But we could save ourselves a trip to http://en.wikipedia.org/wiki/Liberalism by considering that...

Religion and government.— [A]bsolute tutelary government and the careful preservation of religion necessarily go together. It is to be presumed that ruling persons and classes will be enlightened about the benefit provided them by religion, and thus feel somewhat superior to it, in that they are using it as a tool: and this is the origin of freethinking.— But what if a quite different view of the concept of government, as it is taught in democratic states, begins to prevail? If one sees in government nothing but the instrument of popular will, no Above in contrast to a Below, but solely a function of the single sovereign, the people? Then the government can only take the same position toward religion that the people hold; any spread of enlightenment will have to reverberate right into its representatives; it will not be so easy to use or exploit religious energies and comforts for state purposes (unless powerful party leaders occasionally exert an influence similar to that of enlightened despotism). But if the state may no longer draw any use from religion itself, or if the people think so variously about religious matters that the government cannot take uniform, unified measures regarding religion, then the necessary alternative will appear to be to treat religion as a private matter and consign it to the conscience and habits of each individual. At the very first, the result is that religious feeling appears to be strengthened, to the extent that hidden or repressed stirrings of it, which the state had unwittingly or deliberately stifled, now break out and exceed all limits; later, it turns out that religion is overrun with sects, and that an abundance of dragon's teeth had been sown at the moment when religion was made a private affair. Finally, the sight of the strife, and the hostile exposure of all the weaknesses of religious confessions allow no other alternative but that every superior and more gifted man makes irreligiosity his private concern. Then this attitude also prevails in the minds of those who govern, and gives, almost against their will, an antireligious character to the measures they take. As soon as this happens, the people who are still moved by religion, and who used to adore the state as something half-divine or wholly divine, develop an attitude decidedly hostile to the state; they attack government measures, try to impede, cross, disturb as much as they can, and because their opposition is so heated, they drive the other party, the irreligious one, into an almost fanatical enthusiasm for the state; also contributing secretly to this is the fact that, since they parted from religion, the nonreligious have had a feeling of emptiness and are provisionally trying to create a substitute, a kind of fulfillment, through devotion to the state. --Nietzsche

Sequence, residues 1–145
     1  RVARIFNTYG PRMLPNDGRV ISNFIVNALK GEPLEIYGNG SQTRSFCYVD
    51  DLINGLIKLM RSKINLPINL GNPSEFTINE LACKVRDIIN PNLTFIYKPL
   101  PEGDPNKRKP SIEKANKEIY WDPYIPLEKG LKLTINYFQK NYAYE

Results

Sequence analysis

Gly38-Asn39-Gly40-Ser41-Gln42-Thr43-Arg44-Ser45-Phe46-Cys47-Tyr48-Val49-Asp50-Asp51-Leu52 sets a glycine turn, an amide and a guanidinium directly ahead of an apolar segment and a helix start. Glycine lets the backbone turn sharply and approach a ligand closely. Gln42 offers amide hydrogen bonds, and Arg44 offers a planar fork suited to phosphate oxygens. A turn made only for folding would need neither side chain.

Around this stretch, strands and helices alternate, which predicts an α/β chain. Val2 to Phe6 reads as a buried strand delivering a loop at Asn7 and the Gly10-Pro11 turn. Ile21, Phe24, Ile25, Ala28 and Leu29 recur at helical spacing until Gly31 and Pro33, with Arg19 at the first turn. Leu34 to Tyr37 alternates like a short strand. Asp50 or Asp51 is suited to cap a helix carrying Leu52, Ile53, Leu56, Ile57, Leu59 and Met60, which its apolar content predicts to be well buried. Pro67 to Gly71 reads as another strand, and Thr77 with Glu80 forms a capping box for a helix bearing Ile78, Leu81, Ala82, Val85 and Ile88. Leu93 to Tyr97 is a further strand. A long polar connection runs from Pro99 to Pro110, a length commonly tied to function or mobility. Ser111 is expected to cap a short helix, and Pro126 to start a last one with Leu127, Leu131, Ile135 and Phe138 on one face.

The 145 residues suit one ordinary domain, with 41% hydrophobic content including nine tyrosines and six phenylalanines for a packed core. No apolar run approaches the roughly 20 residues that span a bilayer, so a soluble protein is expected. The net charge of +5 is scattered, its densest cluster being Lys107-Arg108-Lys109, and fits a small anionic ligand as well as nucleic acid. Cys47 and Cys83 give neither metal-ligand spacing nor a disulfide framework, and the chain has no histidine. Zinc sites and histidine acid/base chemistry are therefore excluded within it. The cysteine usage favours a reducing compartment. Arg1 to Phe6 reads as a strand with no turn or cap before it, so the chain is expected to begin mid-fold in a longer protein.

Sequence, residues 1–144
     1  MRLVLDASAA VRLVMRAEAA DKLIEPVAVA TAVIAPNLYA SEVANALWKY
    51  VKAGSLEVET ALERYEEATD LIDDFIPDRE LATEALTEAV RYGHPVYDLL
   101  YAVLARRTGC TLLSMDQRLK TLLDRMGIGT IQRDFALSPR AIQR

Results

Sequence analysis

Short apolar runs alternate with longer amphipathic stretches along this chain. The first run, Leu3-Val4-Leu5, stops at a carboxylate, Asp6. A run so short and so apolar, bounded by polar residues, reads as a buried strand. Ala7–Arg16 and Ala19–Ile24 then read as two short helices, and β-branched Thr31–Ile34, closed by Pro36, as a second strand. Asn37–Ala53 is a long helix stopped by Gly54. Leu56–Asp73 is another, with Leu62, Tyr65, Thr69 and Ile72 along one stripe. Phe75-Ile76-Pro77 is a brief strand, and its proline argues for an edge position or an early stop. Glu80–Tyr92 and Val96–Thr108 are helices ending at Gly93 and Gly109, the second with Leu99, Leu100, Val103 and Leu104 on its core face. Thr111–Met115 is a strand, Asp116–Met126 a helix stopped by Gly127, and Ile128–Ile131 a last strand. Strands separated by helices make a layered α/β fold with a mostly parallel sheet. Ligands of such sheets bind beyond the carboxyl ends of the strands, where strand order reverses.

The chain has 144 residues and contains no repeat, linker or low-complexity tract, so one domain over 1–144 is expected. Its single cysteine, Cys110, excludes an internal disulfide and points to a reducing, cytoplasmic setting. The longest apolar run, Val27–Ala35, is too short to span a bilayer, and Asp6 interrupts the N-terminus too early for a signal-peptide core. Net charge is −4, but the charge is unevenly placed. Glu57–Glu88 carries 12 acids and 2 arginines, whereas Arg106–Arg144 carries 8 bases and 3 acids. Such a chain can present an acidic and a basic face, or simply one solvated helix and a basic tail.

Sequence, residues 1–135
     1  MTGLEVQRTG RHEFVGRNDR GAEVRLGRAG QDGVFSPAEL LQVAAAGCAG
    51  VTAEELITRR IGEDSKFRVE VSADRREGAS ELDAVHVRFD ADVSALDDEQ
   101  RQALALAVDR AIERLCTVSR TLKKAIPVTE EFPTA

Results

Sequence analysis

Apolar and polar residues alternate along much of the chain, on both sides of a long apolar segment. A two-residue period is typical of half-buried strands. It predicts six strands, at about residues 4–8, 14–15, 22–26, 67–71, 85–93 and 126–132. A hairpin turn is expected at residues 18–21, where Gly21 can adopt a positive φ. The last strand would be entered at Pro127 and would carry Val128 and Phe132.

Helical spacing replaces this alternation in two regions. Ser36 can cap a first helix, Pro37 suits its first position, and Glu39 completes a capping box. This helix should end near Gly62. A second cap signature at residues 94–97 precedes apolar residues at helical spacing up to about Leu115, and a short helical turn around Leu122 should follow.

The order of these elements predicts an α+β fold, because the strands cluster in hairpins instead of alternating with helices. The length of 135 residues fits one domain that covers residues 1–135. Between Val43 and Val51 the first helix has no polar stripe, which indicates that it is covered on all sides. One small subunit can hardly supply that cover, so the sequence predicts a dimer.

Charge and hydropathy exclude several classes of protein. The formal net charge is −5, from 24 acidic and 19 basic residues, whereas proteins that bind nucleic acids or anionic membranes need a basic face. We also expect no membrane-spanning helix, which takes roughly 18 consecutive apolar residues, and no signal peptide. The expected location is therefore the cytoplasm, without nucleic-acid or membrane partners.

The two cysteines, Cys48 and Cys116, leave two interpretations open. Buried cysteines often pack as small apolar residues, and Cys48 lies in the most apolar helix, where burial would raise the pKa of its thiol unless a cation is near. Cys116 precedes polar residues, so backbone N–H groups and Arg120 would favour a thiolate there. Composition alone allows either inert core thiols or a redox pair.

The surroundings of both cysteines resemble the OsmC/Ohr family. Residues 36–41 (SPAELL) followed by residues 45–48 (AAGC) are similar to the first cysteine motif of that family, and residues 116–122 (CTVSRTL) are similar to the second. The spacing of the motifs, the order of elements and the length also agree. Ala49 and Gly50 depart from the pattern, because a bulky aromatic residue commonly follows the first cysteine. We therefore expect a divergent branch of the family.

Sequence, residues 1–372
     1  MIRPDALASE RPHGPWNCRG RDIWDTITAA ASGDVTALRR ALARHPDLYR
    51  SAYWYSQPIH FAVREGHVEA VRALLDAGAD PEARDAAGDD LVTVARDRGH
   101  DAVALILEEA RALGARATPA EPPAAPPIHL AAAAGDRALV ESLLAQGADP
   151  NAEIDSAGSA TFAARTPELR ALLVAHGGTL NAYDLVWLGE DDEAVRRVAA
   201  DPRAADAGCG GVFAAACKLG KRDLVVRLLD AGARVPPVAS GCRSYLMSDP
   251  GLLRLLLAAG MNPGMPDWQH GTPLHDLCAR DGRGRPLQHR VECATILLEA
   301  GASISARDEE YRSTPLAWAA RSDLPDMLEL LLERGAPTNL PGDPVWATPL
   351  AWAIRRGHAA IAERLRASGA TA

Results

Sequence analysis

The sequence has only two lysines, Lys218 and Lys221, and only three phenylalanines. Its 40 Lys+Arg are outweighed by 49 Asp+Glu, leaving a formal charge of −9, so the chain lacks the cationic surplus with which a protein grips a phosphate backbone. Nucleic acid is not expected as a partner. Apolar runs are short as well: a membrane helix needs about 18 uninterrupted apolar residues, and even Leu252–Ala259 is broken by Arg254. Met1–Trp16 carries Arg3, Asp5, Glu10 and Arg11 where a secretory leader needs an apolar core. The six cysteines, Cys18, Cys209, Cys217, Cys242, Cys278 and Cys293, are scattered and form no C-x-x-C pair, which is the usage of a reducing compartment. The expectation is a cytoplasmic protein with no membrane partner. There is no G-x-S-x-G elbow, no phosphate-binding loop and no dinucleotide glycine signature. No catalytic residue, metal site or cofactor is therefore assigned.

In the "not a leg to stand on" sweepstakes, I'd call it a draw.

Posted by: Untenured Former Republican | Jul 9, 2006 7:39:41 PM


Posted by: Kevin Carson

The Republicans are the party that *talks* a lot about free markets, and then gives special protections and corporate welfare to their crony capitalist friends. In other words, they're pro-big government *and* they're hypocrites.

Posted by: Kevin Carson | Aug 3, 2006 2:17:36 AM